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Stefano Scarampella is one of the more modern Italian violin makers whose name has made it into the ranks of the illustrious few for the quality of their work, making them highly prized and much sought after instruments.


Stefano was born in Brescia into a family of violin makers in 1843. He had an elder brother Giuseppe who studied under Nicolo Bianchi, a very highly respected maker from Genoa who plied his trade from Paris. It is also said that Giuseppe had associations with great names like Ceruti, Guadagnini and Pressenda. Giuseppe established himself in Florence where he worked for Luigi Castellini.

Giuseppe was regarded by Stefano as his teacher and obviously held his teachings in high regard as he always acknowledges him on the labels of his instruments, referring to himself as ‘Stefano Scarampella, fratello ed allievo di Giuseppe’ (‘brother and pupil of Giuseppe’).

















Stefano took up residence in Mantua in 1886, remaining there until his death in 1924. There had been little violin making in this city since the early 1800’s so Stefano faced no local competition there. The last maker of note in Mantua had been Giuseppe ‘Dall Aglio, who died in 1840. His work seems to have had little influence on Stefano but earlier Mantuan makers such as Camilli and in particular Ballestrieri can be seen reflected in his instruments.

Stefano was a prolific instrument maker with an estimated 800 to 900 violins, violas and cellos being produced by his death in 1924. As with many makers of such large numbers of instruments this left little room for grand refinement in finish but that should not detract from the obvious quality of construction and resultant excellent tonal qualities that the violins of this maker consistently have, which will be of much greater importance to the musician looking for an excellent sounding instrument.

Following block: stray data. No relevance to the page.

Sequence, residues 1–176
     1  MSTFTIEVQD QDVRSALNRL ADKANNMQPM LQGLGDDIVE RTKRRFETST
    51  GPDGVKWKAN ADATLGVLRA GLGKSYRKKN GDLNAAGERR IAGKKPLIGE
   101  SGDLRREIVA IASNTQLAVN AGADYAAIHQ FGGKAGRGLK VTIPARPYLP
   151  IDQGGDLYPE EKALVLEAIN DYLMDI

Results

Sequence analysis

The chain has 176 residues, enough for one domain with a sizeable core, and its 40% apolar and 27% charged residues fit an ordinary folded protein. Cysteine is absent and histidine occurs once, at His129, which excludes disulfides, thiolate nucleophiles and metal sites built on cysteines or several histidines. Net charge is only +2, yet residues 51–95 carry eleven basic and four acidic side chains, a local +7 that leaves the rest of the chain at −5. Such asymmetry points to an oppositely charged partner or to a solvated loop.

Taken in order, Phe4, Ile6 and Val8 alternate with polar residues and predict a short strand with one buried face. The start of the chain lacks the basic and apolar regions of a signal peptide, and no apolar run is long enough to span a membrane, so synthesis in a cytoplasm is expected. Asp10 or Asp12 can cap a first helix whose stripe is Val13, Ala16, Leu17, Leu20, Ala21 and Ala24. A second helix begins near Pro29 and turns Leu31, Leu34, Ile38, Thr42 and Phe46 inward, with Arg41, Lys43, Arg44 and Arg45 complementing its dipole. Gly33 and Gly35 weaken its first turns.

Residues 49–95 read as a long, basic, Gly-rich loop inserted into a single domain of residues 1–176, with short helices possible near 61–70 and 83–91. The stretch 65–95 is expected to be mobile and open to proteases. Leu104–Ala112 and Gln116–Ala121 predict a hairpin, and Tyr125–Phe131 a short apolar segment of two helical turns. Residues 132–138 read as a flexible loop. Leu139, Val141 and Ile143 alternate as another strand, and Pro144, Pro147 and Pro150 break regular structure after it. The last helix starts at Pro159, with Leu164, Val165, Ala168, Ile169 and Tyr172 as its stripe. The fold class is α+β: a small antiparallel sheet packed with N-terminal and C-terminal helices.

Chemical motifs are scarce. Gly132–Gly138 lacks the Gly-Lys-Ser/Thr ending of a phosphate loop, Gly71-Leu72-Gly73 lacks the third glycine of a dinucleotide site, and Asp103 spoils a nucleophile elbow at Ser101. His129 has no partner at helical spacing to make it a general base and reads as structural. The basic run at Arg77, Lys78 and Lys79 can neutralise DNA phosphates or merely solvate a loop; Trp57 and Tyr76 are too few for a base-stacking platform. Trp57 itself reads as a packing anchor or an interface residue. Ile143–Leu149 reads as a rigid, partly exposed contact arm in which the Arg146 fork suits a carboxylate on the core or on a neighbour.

Henley’s likens his violins to Stradivarian models but others have referred to him following the measurements of the bold late Guarneri models and in particular the very famous 1743 ‘Cannon’ of Nicolo Paganini. The soundholes are certainly most often found to be of a Guarneri style, and the arching is usually fully developed much like Paganini’s ‘Cannon’.


The wood used by Stefano is mostly plain but not unattractive for that, usually locally grown so only of modest quality. For the purfling he used a combination of pearwood and poplar.









The head is one of the most distinctive features of Stefano’s violins and in them the influence of the earlier Mantuan maker Tommaso Ballestrieri is quite clear. He obviously took great pride and care in the production of this facet of his instruments. The head has both strength and symmetry. The scroll is concentric, round and has a final turn that is slightly truncated, whilst the channelling and undercutting is flat and the chamfer on the broad side. There is fluting towards the front face around the throat, a definite characteristic seen in the scrolls of Ballestieri.

The similarities between the violins of the two makers do not end there, with both producing a strong masculine type of violin and some of Scarampella’s violin have been found that have been re-labelled as Tommaso Ballestieri’s work.

Scarampella’s violins are generally finished in a varnish that is modest in colour but with a richness that is very pleasing, and of a rust red or brownish tone. Application of the varnish is usual very good and on the slightly thin side rather than overly thick.

There are two known students who learnt their trade from Stefano and continued to produce violins very much in his style, with the best known being Gaetano Gadda. His work is particularly like that of his teacher, to the extent that it is not difficult to confuse them.

When you hear a Scarampella made violin there is no mistaking their quality, musicality and fine tonal attributes. It is easy to understand why they have become so sought after and attract good prices to match. In the words of John Dilworth “Stefano Scarampella has a fine and enviable reputation for tone. As a craftsman, he was solid, even perhaps a little rustic, but there is no denying that the strength and resilience of his work has matured over time to produce a richness and power in tone quality that has pushed them high into the ranks of desirable and collectible makers.”

In the eyes of the purist Stefano’s instruments may not be pieces of fine art but they definitely are for the ears of music lovers and musicians.

For further details on Fine Italian and other European Antique Violins of distinction vist Virtuosi Violins